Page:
As one would expect, both legs of the C8’s lower wishbone are fitted with eccentrics to make alignment adjustments. But the same division of responsibilities that come with this arm’s L-shape should make adjustments more straightforward, too. The rear one will have a lot to do with camber, while the forward one will have the greatest bearing on caster.
The Z51 package is supposed to come with threaded shock bodies and manually adjustable lower spring seats that autocrossers can use to make corner-weight and even height adjustments.
That’s absent here because this particular Z51 Stingray has been fitted with the optional front lift system, which amounts to a hydraulically-actuated lower spring seat that grows enough to raise the front bumper 40 millimeters (just over 1.5 inches.) It operates quickly using a hidden electrically-driven hydraulic pump and accumulator that feeds in pressure via a second hose (green) just above the brake line.
Here, the collapsed bellows (yellow) is a sign that the system is in the normal ride height position, something that the car automatically settled into whenever I switched off the engine. I must admit it makes the car look much better when parked than the McLaren GT, which retained its nose-up posture when I shut its motor down.
It can work that way here because the system is GPS linked so you can store locations you’ll visit more than once, and there’s no reason to hesitate to use the memory because up to 1,000 positions can be stored. My own driveway was a no-brainer, but so was the restaurant down the street I typically visit maybe once every other month. You’re prompted to save a given position whenever you engage the lift, and a simple flick of a steering wheel button is all that’s needed to say yes or no.
High-performance MagneRide adjustable dampers are available on the C8 as an option. These patented dampers appear on numerous high-level brands, and we most recently saw them on the Acura NSX Suspension Deep Dive.
Most adjustable dampers have internal valving that is tuned toward the stiff end of its performance spectrum, with the adjustability coming from an electronically adjustable bypass mechanism that diverts a variable portion of the fluid flow around the valve, thereby reducing the damping force that’s generated. More bypass, less stiffness; less bypass, more stiffness.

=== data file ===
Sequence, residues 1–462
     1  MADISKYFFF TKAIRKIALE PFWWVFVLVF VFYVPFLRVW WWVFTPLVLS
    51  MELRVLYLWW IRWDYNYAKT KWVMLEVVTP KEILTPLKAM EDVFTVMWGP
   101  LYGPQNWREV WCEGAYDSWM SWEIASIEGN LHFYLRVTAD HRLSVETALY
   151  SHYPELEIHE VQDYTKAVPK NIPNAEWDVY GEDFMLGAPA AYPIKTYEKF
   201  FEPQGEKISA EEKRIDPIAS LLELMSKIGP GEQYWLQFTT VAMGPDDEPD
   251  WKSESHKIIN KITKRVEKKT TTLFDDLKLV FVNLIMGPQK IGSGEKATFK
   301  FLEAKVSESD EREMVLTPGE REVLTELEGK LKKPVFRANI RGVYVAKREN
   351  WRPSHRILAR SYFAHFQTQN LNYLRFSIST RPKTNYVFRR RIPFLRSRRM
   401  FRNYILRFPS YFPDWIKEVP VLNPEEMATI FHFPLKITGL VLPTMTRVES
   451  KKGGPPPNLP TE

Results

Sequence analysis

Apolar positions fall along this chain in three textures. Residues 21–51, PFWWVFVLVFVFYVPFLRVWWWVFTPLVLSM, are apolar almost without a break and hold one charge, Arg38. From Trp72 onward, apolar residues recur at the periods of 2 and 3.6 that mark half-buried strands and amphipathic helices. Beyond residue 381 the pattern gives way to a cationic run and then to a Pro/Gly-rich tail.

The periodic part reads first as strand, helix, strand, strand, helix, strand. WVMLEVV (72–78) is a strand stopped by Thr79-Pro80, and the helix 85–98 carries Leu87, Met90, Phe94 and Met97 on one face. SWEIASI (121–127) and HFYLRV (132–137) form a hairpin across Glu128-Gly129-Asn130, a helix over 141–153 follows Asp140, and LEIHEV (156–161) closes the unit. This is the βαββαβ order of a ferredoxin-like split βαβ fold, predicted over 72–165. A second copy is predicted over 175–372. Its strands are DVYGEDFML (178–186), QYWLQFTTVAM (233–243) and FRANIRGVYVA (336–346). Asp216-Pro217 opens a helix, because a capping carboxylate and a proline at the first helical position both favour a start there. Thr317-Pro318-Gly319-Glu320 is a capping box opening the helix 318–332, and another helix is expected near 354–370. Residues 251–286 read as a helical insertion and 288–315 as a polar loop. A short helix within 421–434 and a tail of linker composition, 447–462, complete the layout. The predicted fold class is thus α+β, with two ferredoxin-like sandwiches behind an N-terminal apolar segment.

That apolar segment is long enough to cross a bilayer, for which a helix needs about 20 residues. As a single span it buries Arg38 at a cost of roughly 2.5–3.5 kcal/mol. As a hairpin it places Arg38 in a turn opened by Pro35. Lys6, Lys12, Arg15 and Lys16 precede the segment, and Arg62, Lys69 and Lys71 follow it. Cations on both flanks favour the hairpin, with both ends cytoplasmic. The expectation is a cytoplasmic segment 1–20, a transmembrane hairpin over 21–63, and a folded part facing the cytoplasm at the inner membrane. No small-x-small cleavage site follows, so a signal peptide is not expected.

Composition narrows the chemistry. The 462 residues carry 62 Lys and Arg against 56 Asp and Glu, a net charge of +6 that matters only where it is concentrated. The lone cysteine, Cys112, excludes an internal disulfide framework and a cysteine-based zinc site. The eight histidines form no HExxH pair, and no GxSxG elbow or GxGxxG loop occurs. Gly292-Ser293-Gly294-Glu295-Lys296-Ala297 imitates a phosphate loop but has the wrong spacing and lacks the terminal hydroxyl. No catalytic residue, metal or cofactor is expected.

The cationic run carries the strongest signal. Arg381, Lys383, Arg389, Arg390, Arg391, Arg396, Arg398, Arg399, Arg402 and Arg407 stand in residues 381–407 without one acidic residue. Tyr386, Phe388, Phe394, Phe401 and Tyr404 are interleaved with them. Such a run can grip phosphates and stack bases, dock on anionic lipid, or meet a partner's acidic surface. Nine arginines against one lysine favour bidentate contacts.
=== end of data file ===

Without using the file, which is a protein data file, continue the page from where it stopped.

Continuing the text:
MagneRide dampers don’t work that way. They employ fixed valving with no variable bypass, with the adjustable damping force coming from a special magnetorheological fluid flowing through the fixed valving. The viscosity of the fluid itself can be altered by changing the strength of an electromagnetic field in the damper. Thicker fluid, more stiffness; thinner fluid, less stiffness.
All types of adjustable damper systems need to monitor the movement of the suspension so the computer can execute adjustments, but no two sensor layouts and control algorithms are exactly alike – even between different cars that both use MagneRide. Here we can see a suspension position sensor (yellow) mounted to the C8’s lower arm, and a hub accelerometer (green) mounted to the steering knuckle.
The upper shock towers are exquisite-looking aluminum pieces, but the thing to notice here is the slender control wire (yellow) that emerges from the uppermost end of the MagneRide damper’s shaft.
Four-piston fixed Brembo calipers make up the Z51’s front brakes. They use an open window design that eases pad changes, but with a removable bridge bolt (yellow) that keeps the structure stiff despite that open window. You have to remove that to get the pads out, but you’ll also need to remove four screwed-in pad positioning pins (green) that look a bit more fiddly than the window-spanning skewer-style pins we usually see.
The rotors are one-piece cast iron affairs that are neither drilled nor slotted, and their perimeter vents don’t extend through to the hub area. I can’t help thinking there’s a lot of room for a marketable performance upgrade when the inevitable Z06/Z07, Gran Sport and other hot-rod versions come along.
The brake rotor may be blocking most of it, but we can already see an upper wishbone and its tie bar-style mounts at the rear.